Richard Cullen Rath

I teach history at the University of Hawai'i, where I am also director of the Digital Arts and Humanities Initiative.  I wrote a book, How Early America Sounded. I have a couple more in store, at least, It is just that writing them takes so long!  Here are some essays I have written in the not too distant past: "How to Read Hypertext: Media Literacy and Open Access in Higher Education," in Making the University Matter, ed. Barbie Zelizer (Routledge, 2011);
"Hearing Wampum: The Senses, Mediation, and the Limits of Analogy," in Colonial Mediascapes: Sensory Worlds of the Early Americas, ed. Matt Cohen and Jeffrey Glover (University of Nebraska Press, 2014), 290–321;  “Sensory Media: Communication and the Enlightenment in the Atlantic World,” in A Cultural history of the Senses in the Age of Enlightenment, 1650-1800, ed by. Anne C. Vila (Bloomsbury Academic, 2014); and
"Hearing American History" The Journal of American History 95, no. 2 (September 2008): 417–31.

I also play music, varying from punk to ambient to alternative. I take care of Way.Net when I have the time.

Here are a few older articles.  With the help of students, I have created a digital edition of W.E.B. Du Bois's classic, The Souls of Black Folk. It includes the music at the head of each chapter along with an analysis of it, a key to understanding the book. I wrote an article on DuBois's philosophy of history (pdf) that he used in Souls of Black Folk.  A lot of people come to to read my article on the creolization of African music in South Carolina in the eighteenth century, "Drums and Power." Or maybe you would like to read another article, this one on African music in seventeenth century Jamaica (pdf).   There is a less technical explanation of the music here.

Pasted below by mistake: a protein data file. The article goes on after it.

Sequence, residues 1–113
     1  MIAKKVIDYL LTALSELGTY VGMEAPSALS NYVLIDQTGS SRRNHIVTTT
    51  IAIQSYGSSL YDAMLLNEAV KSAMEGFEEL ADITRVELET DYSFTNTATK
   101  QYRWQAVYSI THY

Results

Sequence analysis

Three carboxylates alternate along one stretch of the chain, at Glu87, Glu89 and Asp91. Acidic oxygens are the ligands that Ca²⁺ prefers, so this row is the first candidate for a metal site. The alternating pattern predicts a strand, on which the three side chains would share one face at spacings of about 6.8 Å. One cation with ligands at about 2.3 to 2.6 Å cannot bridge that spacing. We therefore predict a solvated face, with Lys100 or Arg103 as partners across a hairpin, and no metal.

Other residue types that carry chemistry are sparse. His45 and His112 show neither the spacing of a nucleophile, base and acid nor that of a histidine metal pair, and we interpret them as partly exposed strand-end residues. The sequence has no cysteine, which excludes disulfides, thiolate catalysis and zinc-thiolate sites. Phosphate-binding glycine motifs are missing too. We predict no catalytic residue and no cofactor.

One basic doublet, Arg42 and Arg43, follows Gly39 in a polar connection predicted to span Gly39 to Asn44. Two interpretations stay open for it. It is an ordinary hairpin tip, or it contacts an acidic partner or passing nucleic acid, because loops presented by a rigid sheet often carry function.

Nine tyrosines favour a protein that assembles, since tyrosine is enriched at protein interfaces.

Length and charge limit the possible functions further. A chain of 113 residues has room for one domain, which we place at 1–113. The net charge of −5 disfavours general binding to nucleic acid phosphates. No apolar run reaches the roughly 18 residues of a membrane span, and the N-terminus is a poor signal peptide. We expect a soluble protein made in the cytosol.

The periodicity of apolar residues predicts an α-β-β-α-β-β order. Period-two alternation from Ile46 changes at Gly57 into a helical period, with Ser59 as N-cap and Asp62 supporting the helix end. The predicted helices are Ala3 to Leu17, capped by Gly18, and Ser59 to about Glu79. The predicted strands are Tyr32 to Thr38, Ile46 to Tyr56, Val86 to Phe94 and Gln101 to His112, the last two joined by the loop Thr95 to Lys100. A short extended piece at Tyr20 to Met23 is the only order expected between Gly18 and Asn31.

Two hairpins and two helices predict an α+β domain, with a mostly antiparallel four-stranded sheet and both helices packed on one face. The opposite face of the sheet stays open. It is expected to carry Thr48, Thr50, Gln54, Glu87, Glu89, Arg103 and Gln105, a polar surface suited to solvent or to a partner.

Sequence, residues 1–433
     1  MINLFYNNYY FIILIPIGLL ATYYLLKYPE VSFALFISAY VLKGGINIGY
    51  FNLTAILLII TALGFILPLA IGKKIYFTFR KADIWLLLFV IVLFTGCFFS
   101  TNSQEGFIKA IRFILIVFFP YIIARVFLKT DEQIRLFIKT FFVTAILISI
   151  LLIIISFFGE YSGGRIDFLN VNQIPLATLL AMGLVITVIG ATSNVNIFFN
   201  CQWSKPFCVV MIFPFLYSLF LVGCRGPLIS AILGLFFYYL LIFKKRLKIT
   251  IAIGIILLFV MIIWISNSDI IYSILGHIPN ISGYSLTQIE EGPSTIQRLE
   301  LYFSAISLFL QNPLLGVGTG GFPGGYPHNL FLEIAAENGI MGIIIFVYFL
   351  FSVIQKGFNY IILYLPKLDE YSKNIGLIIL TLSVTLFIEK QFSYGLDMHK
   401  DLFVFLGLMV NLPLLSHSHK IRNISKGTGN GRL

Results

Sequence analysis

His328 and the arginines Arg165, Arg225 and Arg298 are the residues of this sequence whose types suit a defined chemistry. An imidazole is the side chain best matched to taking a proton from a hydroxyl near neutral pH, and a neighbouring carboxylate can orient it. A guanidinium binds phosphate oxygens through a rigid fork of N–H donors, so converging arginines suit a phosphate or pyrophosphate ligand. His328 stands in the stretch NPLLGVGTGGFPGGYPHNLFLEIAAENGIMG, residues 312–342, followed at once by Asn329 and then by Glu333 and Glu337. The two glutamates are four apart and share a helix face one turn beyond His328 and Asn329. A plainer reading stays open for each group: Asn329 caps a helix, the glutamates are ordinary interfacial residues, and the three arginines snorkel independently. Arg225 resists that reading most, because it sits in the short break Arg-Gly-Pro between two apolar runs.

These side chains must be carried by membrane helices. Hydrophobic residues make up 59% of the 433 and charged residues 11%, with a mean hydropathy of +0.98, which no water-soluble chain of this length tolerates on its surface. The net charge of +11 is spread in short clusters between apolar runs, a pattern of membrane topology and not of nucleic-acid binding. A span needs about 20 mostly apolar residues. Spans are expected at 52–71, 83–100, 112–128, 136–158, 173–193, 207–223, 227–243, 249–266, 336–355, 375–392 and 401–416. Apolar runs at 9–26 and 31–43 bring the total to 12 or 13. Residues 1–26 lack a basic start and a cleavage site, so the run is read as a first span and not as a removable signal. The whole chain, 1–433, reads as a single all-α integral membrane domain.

Every once in a while, I post my searchable collection of history bookmarks if you are interested.

Here are a couple of old programs that might or might not work for you: I built a hypertext guide to pidgin and creole studies in 1993 that I might come back to and update at some point. I made it on an old hypertext program called Maxthink before the WWW really least the html part of it. I then converted it using a program called SNR that is pretty cool once you figure it out.  Back then it was beyond me to run perl in windows 9X.  Beware, the hypertext is sort of confusing in a first year graduate student obfuscating kind of way. If you are interested in such things, you can download the DOS verion of an explanation of Noam Chomsky's minimalist program from about the same time that was too complex to translate into html. To run the system, unpack the files in a new directory, open a dos (run "cmd" in windoze xp) box in the directory and type HYGEN from the directory that the files are in. Then type L to begin, use arrow keys to navigate. If you do not happen to have a computer with DOS on it, install the DOSBox app and point it to the directory you unpacked gramglos into.

Finally, you can contact me via's contact page.